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AURORA, Colo. (KDVR) — The medical director for Aurora Fire Rescue will not attempt to renew his ketamine waiver, which allows Aurora paramedics to sedate agitated patients in a pre-hospital setting, when his current waiver expires in June.

“The medical direction team based their decision primarily on the fact that the state review of the waiver program is still ongoing,” said Sherri-Jo Stowell, a spokesperson for the department.

As the FOX31 Problem Solvers have extensively reported, the Colorado Department of Public Health and Environment announced last summer that it would review the state’s ketamine program with a diverse group of experts after many people raised concerns following the death of Elijah McClain and our reporting on another incident involving a man named Elijah McKnight.

That process, however, stalled multiple times and did not officially get underway until this year. CDPHE also opted to make the process a private investigation, despite many public questions and concerns about it.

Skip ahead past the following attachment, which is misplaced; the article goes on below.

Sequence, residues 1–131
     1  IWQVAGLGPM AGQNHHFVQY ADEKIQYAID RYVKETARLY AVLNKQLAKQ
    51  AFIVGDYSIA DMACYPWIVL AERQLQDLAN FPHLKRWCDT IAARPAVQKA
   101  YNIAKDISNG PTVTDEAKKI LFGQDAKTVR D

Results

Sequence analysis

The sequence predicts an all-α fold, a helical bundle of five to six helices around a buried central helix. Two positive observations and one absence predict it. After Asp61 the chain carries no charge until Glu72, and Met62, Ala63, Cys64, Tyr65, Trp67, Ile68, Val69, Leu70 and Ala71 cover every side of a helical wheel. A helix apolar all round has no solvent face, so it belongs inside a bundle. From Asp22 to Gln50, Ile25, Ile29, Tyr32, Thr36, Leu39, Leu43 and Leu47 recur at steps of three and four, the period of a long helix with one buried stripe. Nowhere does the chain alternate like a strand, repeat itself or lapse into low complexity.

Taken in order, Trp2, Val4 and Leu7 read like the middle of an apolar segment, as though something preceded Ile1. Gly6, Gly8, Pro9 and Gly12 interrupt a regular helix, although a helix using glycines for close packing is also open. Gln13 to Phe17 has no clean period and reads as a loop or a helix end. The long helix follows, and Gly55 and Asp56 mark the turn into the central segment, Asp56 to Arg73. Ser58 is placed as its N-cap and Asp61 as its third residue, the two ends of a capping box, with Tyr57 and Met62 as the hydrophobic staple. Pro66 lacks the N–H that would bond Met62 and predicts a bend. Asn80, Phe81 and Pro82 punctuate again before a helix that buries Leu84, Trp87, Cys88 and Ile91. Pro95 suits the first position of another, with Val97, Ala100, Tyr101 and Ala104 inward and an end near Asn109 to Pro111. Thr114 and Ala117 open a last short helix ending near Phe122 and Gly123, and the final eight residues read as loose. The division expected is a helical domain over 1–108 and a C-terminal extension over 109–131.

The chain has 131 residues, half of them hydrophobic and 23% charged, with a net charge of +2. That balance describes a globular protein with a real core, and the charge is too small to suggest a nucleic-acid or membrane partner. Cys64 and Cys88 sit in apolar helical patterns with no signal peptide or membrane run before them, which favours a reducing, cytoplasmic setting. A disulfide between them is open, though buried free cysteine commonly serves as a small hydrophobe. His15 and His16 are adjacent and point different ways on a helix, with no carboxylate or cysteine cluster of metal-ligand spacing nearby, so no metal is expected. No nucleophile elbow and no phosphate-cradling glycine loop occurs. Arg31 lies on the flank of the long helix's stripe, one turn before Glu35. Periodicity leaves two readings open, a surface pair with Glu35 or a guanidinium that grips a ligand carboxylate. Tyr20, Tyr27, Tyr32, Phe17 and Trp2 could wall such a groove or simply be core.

Peter Myers, a spokesperson for the health department, confirmed to the Problem Solvers in March that a review board had been established, but he would not reveal who was selected for the board or what professions or areas of expertise the board members represented.

“As previously mentioned, information on the investigation will be released at the conclusion of the investigation,” he said.

Stowell said Aurora Fire Rescue would re-evaluate its plans after receiving the state’s findings.

“Any reimplementation of the waivered medication in the future would take into consideration any training modifications, protocol changes and findings from the CDPHE review,” said Stowell.  “Aurora Fire Rescue aspires to provide professional, high quality emergency medical care to our community members and the medical direction team is confident that this approach will assist in meeting this mission.”

During a presentation to the Public Safety, Courts, and Civil Service Policy Committee on Thursday, Aurora Fire Rescue Leaders laid out a timeline for changes at the fire department after it received recommendations from a City-hired consultant who reviewed the fire department’s response to the McClain case.

The department has plans for additional training to improve the manner in which a suspect who is in police custody is transferred to a medic’s care. 

Leaders also said they had conducted recent research on other ways to improve the quality of their services to patients. While they did not commit to any future purchases, they looked into body cameras and glasses as well as a technology that would allow crews to roll a stretcher onto a mat that provides a patient’s estimated weight.

Wednesday, a ketamine-related bill, proposed by Rep. Leslie Herod and Rep. Yadira Caraveo, will be discussed in the House Judiciary Committee.